Does anyone have any ideas on making initiative checks flow? Basically the player would be rolling a d20 three times in a row. is there a way to simplify that?
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Spawn of Ungoliant
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« Reply #7 on: February 21, 2017, 06:04:40 PM »

You could just use a more simple initiative system, like rolling initiative once per side.

I would sometimes have players roll initiative at the beginning of a session and at the end of every battle to have the numbers ready to go for the next battle.
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Giff
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« Reply #8 on: February 22, 2017, 06:57:50 PM »

Steerpike

You could just use a more simple initiative system, like rolling initiative once per side.

I would sometimes have players roll initiative at the beginning of a session and at the end of every battle to have the numbers ready to go for the next battle.

I'll consult real quick on this one with my player. FTR, my partner and I are playing Eberron. He's a Magus warforged, Daelkyr halfblood wizard, and a Shifter druid. This well be fun one way or another.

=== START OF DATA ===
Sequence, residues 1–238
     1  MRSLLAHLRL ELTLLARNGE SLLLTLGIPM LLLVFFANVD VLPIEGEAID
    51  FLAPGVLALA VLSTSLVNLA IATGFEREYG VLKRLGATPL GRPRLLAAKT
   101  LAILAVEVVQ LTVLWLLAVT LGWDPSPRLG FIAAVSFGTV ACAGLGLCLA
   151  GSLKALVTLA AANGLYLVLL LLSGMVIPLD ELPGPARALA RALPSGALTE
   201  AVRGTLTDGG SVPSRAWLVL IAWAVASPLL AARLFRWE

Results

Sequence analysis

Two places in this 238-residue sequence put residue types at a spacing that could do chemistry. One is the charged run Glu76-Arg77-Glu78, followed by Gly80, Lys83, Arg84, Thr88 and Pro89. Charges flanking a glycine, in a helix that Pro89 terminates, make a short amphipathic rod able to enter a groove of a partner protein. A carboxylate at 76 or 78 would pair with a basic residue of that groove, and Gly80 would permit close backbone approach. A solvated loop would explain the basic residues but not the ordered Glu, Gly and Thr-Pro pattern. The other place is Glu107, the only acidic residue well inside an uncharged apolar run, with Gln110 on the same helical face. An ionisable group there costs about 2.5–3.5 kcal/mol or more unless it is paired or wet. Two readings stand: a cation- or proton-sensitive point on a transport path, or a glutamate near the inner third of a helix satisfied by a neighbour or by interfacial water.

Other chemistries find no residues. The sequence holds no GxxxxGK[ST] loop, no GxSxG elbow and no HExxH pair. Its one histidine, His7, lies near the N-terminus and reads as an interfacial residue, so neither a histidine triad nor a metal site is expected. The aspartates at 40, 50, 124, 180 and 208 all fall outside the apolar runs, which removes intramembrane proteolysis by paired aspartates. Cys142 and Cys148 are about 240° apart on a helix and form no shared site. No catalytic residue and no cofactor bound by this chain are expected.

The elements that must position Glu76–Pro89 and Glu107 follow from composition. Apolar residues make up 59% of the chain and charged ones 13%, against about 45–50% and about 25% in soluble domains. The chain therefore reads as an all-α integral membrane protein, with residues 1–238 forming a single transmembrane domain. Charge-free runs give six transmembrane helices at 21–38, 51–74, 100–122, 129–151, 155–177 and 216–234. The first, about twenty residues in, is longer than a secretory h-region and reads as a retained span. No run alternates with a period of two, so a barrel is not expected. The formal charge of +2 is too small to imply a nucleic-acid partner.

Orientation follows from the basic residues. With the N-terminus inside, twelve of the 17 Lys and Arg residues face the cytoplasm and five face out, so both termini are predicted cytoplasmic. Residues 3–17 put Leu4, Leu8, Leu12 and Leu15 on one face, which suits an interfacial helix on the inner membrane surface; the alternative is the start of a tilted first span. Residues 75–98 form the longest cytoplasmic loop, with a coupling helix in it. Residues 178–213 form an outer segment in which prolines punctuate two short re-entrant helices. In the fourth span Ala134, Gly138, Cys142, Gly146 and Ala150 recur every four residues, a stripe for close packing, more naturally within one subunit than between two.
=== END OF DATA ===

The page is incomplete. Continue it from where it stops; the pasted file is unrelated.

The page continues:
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« Reply #9 on: February 22, 2017, 07:11:22 PM »

LoA

He's a Magus warforged, Daelkyr halfblood wizard, and a Shifter druid.
Wait, back up...

So this is Pathfinder? And one person is playing three characters? And they're all casters?

 huh
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« Reply #10 on: February 22, 2017, 07:26:56 PM »

sparkletwist

LoA

He's a Magus warforged, Daelkyr halfblood wizard, and a Shifter druid.
Wait, back up...

So this is Pathfinder? And one person is playing three characters? And they're all casters?

 huh

i know right, we actually had this exact conversation. i'm using E6, so it shouldn't be that bad.